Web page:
Many accounts of war take (an understandably) Western view of military campaigns. Our staff are interested in the ‘other’ side of the conflict and have researched the insurgents’ views of war. In one project exploring the South Vietnamese, our staff undertook an examination of thousands of interviews with Viet Cong soldiers and their South Vietnamese supporters. These reveal less than whole-hearted support for the insurgency and a willingness to back whichever side in the war could offer safety and security.

Gregory, D. (2019). Vernacular memorialisation in the military: Personal acts of remembrance at RAF Thorpe Abbotts, England, Journal of Conflict Archaeology, 14(2-3), pp. 83-98.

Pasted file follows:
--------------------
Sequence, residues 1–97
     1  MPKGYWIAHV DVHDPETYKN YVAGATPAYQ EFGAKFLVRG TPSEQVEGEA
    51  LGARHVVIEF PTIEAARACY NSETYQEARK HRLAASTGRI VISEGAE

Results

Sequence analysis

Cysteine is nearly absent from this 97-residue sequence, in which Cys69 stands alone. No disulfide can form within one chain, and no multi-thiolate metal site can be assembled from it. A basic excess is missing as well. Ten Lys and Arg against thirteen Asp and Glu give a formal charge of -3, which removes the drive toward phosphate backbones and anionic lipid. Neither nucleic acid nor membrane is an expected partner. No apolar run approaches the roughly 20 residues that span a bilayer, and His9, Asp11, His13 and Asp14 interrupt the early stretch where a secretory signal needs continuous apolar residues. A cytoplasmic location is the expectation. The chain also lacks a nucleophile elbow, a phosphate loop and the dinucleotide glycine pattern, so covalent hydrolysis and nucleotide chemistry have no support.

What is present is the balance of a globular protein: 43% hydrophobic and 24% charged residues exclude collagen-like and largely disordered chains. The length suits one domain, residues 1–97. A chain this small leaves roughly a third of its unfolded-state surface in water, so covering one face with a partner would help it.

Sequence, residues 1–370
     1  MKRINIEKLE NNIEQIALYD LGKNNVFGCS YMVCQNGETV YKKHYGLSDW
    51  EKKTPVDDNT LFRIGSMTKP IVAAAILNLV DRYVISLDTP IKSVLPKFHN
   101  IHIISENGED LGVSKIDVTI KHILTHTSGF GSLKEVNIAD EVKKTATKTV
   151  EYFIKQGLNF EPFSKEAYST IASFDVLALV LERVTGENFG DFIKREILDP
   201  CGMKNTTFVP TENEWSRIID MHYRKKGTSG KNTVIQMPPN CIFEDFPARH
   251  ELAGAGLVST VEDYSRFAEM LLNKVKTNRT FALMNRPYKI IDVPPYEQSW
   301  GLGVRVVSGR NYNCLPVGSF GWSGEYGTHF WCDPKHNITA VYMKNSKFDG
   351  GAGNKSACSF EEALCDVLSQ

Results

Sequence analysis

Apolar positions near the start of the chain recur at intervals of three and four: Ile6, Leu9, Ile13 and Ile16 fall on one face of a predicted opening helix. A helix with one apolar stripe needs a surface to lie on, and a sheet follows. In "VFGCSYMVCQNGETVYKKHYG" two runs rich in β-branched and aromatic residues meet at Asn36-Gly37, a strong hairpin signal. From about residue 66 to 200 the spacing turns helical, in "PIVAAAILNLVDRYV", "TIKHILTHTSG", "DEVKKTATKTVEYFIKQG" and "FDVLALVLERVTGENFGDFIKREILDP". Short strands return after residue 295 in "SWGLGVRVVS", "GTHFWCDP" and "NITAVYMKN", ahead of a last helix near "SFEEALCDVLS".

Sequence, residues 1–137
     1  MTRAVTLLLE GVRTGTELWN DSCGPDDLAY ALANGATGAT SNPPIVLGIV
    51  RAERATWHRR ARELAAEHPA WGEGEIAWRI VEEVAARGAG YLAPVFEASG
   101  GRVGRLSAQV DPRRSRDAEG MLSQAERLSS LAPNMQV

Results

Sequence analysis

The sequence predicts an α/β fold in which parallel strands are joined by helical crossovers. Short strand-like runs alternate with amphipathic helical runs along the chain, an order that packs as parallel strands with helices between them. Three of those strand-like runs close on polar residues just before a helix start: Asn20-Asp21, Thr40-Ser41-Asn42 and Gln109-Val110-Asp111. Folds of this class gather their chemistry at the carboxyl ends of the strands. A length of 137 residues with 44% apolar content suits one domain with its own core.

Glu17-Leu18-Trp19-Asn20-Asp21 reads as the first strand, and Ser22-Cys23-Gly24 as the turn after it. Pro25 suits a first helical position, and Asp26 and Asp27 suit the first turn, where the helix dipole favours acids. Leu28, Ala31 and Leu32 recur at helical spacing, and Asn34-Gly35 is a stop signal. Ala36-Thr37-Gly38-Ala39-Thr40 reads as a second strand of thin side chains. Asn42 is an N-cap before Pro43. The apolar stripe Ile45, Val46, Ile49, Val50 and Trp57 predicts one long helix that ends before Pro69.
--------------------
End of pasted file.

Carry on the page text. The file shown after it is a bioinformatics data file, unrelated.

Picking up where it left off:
Gregory, D. & Wayne, C. (2020). “I do feel good because my stomach is full of good hotcakes”: Comfort food, home, and the USAAF in East Anglia during the Second World War, History, 105(368), pp. 806-824.
Gregory, D. (2022) The Global Infrastructure of the Special Operations Executive. Routledge.
Gregory, D. (2023). A box in the desert: Using open access satellite imagery to map the 151st Infantry Brigade’s field defences on the Gazala Line, 1942, International Journal of Historical Archaeology,
Poole, D. (2022) Hunting the Viet Cong - Volume I: The Counterinsurgency Campaign in South Vietnam 1961-1963. Helion & Company.
Poole, D. (2023) Hunting the Viet Cong - Volume II: The Fall of Diem and the Collapse of the Strategic Hamlets, 1961-1964. Helion & Company.